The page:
Backstage with Karen Minnis

Jeff Alworth

Let me put some numbers in front of you and see if they all add up. The Oregon State Legislature is considering the biennial budget. In total, the thing runs to $12.4 billion. The two chambers agree on this. They agree on the manifold components of spending that include infrastructure, police, social services, and so on. The only place they disagree is on schools, and they disagree there by only $150 million. That's just over 1% of the budget. Here it is, the first of May, and they agree on 99% of the budget.

I don't know about you, but when the Speaker of the House does something as dramatic as pulling her chamber out of a joint budget-writing committee over a measly 1% disagreement, I feel like there's more to the story. The numbers may add up, but the stories don't. What's really going on?

I may have some answers.

On Monday last week, as the Minnis pull-out was brewing, I got a couple of phone calls from people with front-row seats in Salem. We were actually hoping to break the news that Minnis was planning to pull out of the Ways and Means Committee before it actually happened, but we just couldn't get it up in time. Later, I got a call from a person we'll call a well-informed legislative insider who told me how things have broken down and why. Here's what s/he told me...

Not One More Dime to the OEA
According to my source, the whole $150 million kielbasa comes down to this: the GOP is at war with the Oregon Education Association, the state teachers' union. Democrats have been pretty straightforward about their position on schools: their figure ($5.325 bil) will prevent further cuts to schools. The Republicans' position? They want to spend it on social services, a new prison in Madras, OHSU, and -- most unbelievably -- a reserve fund.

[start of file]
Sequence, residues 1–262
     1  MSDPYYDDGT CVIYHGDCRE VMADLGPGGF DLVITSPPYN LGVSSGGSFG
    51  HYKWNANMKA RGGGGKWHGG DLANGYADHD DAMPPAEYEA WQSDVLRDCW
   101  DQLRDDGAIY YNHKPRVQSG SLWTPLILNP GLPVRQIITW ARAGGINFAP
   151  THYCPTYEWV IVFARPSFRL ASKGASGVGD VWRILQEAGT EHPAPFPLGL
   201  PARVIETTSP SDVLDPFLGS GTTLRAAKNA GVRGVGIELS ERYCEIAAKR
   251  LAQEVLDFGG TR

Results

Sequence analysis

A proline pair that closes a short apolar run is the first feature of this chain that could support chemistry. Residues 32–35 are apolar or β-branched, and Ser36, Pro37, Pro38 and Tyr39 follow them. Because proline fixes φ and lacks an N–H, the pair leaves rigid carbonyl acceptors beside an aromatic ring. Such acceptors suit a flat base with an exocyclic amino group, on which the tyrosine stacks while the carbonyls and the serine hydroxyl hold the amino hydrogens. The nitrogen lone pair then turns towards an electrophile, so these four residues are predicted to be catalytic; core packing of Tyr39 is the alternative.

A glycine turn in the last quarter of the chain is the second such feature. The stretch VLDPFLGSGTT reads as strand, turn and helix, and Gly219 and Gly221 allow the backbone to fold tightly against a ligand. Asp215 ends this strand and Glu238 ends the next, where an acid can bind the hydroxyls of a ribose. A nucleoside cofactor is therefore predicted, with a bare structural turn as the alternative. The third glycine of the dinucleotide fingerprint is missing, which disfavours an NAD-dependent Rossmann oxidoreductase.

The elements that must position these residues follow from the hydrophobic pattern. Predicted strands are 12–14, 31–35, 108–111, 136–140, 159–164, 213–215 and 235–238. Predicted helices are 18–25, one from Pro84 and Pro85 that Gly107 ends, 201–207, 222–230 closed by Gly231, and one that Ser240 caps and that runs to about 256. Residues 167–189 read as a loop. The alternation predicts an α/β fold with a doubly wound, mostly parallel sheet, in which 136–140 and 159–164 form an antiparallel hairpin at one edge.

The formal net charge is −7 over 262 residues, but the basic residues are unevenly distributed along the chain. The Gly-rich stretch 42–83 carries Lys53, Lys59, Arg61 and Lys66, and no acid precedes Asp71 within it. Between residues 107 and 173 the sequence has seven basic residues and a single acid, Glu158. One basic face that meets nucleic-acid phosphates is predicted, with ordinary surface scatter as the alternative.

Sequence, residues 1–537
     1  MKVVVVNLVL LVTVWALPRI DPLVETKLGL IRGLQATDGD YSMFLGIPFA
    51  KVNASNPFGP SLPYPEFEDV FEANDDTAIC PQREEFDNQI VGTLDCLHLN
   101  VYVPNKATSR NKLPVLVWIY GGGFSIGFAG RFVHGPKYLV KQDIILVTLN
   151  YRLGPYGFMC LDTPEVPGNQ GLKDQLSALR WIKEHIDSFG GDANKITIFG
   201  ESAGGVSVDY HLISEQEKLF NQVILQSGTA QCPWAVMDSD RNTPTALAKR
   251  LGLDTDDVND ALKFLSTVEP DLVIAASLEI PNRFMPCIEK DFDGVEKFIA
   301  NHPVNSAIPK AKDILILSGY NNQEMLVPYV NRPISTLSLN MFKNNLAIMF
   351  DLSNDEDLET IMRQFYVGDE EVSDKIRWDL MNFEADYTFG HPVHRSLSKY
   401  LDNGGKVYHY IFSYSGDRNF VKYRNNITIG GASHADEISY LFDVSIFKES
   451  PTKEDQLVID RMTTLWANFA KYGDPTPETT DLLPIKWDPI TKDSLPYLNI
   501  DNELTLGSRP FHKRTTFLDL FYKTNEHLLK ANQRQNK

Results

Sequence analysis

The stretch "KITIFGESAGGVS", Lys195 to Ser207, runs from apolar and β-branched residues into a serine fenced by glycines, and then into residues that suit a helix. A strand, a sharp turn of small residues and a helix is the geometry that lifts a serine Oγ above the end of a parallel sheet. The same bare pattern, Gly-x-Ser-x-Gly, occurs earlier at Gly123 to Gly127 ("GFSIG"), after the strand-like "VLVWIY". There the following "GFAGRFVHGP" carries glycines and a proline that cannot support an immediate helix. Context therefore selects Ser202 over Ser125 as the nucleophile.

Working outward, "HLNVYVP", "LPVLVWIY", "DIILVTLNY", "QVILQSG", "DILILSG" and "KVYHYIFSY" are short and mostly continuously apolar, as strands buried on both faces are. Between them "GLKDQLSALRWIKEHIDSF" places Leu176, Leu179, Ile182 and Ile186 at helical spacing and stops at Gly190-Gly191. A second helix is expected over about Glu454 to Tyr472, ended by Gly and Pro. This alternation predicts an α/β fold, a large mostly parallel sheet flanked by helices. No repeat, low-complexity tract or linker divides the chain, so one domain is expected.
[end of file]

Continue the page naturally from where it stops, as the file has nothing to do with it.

Democrats tried to negotiate. At one point, they offered to split the difference -- take the outstanding figure and let the GOP fund what it wanted while Dems put their half toward schools. The GOP flatly refused. They don't see it as giving money to schools, they see it as going to the OEA. One negotiator reportedly said it bluntly: "we're not giving another dime to the OEA." Meanwhile, publicly, Minnis maintained that it was the profligate Senate who wasn't looking out for seniors: "I cannot accept the level of cuts required in human services and public safety programs that would be required under the Senate Democrat budget proposal." Yet according to my source, these programs will only cost $19 million. The real truth has nothing to do with seniors. It's all about the union.

Chess Moves
Although Minnis claimed (.pdf) that her move was sparked by Senate intractability, Democrats were surprised to see that the House already had their own funding bills prepared and ready to go on Monday. Democrats, who were working in good faith, have no similar measures ready in the Senate -- a process that generally takes weeks. In other words, Minnis, majority leader Wayne Scott and the House Republicans have been negotiating with "one foot out the door" for several weeks.